Bike Intelligencer » tyler farrar All bike, all the time Mon, 20 Jul 2015 21:20:13 +0000 en-US hourly 1 Tyler Farrar Becomes First Washington State Native to Win Tour de France Stage Mon, 04 Jul 2011 15:59:06 +0000 Seattle bike fans have been watching Wenatchee WA native Tyler Farrar for years, wondering how far his potential could carry him. He’s won many of cycling’s top honors, but so far a Tour de France stage win had eluded him.

That all changed today — America’s Independence Day, appropriately enough — when the 27-year-old sprint specialist bested the field in the Tour’s third stage, a flat 198-kilometer run from Olonne Sur Mer to Redon.

Farrar has played second fiddle in sprints to Mark the Mouth Cavendish, the Manx Missile. He’s had some tough luck against Cav along the way as well. But today his Garmin-Cervelo mates positioned Tyler perfectly, and it was Cavendish who had to bang his bars in frustration as his HTC leadout train fell apart in the closing seconds.

Farrar is a real gentleman and credit to the sport. His win could help draw mainstream Americans back to the Tour in the absence this year of legendary Lance Armstrong. In any case, it is a well-deserved triumph for a guy who has waited a long time and worked tirelessly to improve — all the unlikely way from quiet Columbia River roots.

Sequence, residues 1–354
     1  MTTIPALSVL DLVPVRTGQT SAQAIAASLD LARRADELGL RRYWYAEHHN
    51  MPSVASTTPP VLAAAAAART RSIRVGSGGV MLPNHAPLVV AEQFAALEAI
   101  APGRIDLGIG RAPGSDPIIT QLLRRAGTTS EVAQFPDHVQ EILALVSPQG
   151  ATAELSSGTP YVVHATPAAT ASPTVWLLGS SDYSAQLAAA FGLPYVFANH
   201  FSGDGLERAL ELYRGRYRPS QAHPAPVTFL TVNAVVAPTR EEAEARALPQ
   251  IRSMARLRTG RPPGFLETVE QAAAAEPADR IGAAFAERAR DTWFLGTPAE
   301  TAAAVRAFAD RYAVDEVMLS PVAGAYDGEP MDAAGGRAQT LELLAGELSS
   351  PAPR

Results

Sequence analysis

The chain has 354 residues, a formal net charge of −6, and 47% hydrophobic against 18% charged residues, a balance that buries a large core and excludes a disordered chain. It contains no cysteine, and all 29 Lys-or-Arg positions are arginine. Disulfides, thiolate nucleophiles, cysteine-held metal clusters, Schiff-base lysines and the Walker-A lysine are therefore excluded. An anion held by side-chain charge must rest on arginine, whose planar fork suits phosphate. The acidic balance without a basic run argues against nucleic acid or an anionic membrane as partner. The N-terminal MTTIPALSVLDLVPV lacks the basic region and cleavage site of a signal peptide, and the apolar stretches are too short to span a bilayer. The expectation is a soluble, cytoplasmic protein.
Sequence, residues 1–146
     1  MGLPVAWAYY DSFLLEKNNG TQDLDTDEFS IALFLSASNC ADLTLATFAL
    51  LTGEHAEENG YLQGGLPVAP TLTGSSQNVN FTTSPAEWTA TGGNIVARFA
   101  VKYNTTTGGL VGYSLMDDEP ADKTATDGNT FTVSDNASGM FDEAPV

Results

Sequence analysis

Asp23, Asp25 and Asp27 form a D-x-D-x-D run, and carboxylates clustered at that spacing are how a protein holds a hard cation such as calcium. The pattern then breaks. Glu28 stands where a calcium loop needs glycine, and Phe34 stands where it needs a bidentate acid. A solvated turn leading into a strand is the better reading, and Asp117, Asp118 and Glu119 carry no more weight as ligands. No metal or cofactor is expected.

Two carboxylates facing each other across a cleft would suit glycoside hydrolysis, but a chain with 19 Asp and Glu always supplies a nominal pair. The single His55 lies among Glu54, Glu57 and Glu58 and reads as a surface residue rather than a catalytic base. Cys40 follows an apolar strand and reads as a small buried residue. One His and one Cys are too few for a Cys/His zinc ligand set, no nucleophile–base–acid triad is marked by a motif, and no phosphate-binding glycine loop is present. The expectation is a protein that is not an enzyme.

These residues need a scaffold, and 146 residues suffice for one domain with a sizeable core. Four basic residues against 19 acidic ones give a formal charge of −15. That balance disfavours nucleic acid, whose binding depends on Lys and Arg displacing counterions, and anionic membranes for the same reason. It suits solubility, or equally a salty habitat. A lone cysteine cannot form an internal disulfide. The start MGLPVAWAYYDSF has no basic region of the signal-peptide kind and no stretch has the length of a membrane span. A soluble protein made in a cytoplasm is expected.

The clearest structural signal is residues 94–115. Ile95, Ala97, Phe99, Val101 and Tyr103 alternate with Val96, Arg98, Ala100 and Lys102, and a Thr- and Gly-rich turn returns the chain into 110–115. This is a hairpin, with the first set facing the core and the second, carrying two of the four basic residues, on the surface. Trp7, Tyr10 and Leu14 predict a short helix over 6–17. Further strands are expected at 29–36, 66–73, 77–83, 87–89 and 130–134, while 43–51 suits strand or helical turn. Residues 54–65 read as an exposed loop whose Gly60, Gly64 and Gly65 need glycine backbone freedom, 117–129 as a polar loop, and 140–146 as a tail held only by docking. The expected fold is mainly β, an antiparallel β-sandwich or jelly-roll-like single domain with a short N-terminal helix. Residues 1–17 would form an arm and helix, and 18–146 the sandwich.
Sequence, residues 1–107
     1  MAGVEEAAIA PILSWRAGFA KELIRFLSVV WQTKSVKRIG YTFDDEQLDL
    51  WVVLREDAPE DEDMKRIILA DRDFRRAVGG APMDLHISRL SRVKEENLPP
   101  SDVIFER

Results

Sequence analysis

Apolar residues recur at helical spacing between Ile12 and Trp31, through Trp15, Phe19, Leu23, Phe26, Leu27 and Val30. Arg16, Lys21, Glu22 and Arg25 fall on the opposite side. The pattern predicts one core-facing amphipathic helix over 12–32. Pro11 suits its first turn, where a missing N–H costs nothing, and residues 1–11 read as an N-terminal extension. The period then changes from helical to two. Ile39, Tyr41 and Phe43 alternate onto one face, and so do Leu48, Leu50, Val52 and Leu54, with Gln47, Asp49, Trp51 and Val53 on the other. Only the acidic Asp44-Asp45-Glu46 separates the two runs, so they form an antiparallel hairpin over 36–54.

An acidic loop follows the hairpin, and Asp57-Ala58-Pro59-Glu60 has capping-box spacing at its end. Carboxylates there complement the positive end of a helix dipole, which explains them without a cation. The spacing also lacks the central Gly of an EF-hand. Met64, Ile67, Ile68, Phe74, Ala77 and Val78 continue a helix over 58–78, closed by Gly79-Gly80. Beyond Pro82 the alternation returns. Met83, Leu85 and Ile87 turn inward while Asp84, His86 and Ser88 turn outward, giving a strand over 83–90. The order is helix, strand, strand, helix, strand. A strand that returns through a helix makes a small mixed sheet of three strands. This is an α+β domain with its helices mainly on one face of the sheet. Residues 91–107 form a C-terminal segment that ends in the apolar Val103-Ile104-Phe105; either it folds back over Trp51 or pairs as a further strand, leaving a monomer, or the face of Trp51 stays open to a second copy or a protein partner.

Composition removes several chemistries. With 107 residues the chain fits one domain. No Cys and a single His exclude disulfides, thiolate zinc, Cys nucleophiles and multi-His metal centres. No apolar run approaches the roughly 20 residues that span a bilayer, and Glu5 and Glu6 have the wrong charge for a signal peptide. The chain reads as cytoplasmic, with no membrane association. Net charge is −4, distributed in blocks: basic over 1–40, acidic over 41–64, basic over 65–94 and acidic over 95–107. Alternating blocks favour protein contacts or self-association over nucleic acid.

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Tour de France 2010, Stage 13: Not unlucky for Vino! Sat, 17 Jul 2010 15:35:32 +0000 A bit of late drama in today’s Stage 13 of the 2010 Tour de France from Rodez to Revel in the southern end of the Massif Central gave an otherwise routine sprinter’s stage some spice. A few small climbs put baby teeth on the race profile, but in general it was accepted as a bunch-sprint finish, until …

Italian Alessandro Ballan jumped off the front in the final uphill riser, then Kazakhstan’s Alexander Vinokourov caught and passed him with 7 kilometers still remaining, speeding 14 and then 18 seconds ahead of the peloton. It was justice served for Vino, who nearly won yesterday’s Stage 12 before being passed by two Spaniards, Astana teammate Alberto Contador and stage winner Joaquim Rodriguez a few hundred yards before the finish.

This time, Vino was all alone.

We were happy for Vino, who has put his dope-clouded past behind him and, perhaps more significantly, seems to have adopted a “no-whine rule.” We once joked that “vino” is a synonym for “whine,” but he kept the lip zipped yesterday.

Brit Mark Cavendish took the ensuing bunch sprint, edging out Italian two-time stage winner (in this Tour) Alessandro Petacchi (our crack research team is calculating exactly how many “Alexes” there are in this year’s Tour). We’re still majorly bummed that Tyler Farrar had to pull out yesterday; this would have been the perfect stage for a head-to-head between Tyler and Mark the Mouth, both having lost their main leadout men. Make no mistake, Cavendish proved that he deserves the title of fastest man on two wheels. But that’s only as good as the next sprint, and we hope to see Tyler and Cav square off many times again in the future.